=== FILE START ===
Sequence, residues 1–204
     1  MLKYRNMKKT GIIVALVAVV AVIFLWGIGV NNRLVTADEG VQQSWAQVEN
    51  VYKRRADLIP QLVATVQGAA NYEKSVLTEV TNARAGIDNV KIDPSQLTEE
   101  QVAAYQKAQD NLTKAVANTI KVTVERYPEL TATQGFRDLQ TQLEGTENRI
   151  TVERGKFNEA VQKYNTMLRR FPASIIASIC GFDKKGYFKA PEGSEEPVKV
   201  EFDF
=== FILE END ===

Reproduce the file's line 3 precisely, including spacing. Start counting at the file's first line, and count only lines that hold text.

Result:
    51  VYKRRADLIP QLVATVQGAA NYEKSVLTEV TNARAGIDNV KIDPSQLTEE